Editor’s Note

Every year, as September 11th approaches, I am reminded of living in New York City in 2001. I recall the horrors of concern, fear, grief and pain we all went through. I am also vibrantly reminded of the heroes that overcame the unthinkable, that put others before them, that dedicated all they had – some who survived and others who perished.

So, it seemed only fitting to focus our September issue on heroes, from centuries ago and now that have triumphed, excelled and put themselves out in ways that others maybe wouldn’t or couldn’t. In Hometown Heroes of Mercer County and Beyond, we are realizing the experiences of those from the greater Princeton area and recognizing their greatness in so many ways.

Each issue, we also seek to ensure that we’re updating you on stories we’ve covered in the past. You’ll find this in Perspectives Revisited at the bottom of the Homepage, and it always sheds light on something new. This month, read on to learn about new municipal rate hikes that might affect you as well as the latest on parking in Princeton.

Who is your hero? The word has slight nuances for each of us, though it always comes down to someone truly remarkable. This month we asked people around Princeton who they admire most and you can watch what they shared in our Pulse of Princeton video below.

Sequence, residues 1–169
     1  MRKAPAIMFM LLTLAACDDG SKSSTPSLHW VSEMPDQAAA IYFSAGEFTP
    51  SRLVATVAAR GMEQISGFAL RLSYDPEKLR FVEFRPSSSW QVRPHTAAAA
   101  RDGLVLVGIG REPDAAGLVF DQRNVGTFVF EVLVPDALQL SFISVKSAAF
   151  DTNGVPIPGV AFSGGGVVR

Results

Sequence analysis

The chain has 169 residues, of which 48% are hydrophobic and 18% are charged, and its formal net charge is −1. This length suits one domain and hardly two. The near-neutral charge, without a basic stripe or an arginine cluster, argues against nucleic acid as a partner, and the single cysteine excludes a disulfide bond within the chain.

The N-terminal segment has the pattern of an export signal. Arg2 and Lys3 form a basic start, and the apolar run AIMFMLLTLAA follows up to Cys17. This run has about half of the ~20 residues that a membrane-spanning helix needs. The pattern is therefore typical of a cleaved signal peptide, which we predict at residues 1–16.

It was hard, as a publication, for Princeton Perspectives to focus on only a sampling of local heroes, since there are so many throughout time, but with only four articles in the issue, that is what we had to do. Our hats do go off to each and every one of you that we were not able to highlight, you are appreciated and not forgotten.

Renewed focus and admiration was cast on our first responders when COVID-19 thrust them into harm’s way in a very public way. More often, what they do is not publicized, and what’s talked about even less is those that take on those roles without pay, as volunteers. The Local Heroes that Live to Keep us Safe Everyday shares a Q&A with one of Princeton’s long-time volunteer firefighters.

Even before Princeton had a fire company, there were people living here or passing through that had great strengths and abilities. Princeton’s Historical Heroes and Their Impact on Our Lives shares the stories of some of those that made remarkable contributions in politics, social action and inventive ways.

While some choose to embark on a heroic journey, others are forced into it. Fighting for Life – The Heroic Role You Never Wanted sheds light on some heroines who had to dig deep, fight hard and find a greatness they didn’t know they had in order to survive breast cancer.

Surviving is a quality of a hero, and sometimes it takes the efforts of other generous, caring people to help you do so. Interfaith Refugee Resettlement in Princeton is Possible Due to the Courageous Acts of Many explains what it takes to ensure that people are safe from harm with an opportunity to live and thrive.

Learning about heroes gives us all an opportunity to reflect a little and recognize the power that lives within each of us to do and be the best version of ourselves. Part of that means taking on the responsibilities granted to you and helping to guide people in the right direction.

As always, Princeton Perspectives will devote our October issue to helping you be as educated as possible about all of the candidates you will find on the November ballot, so that you can head to the polls and take part in guiding the future of America, New Jersey and Princeton.

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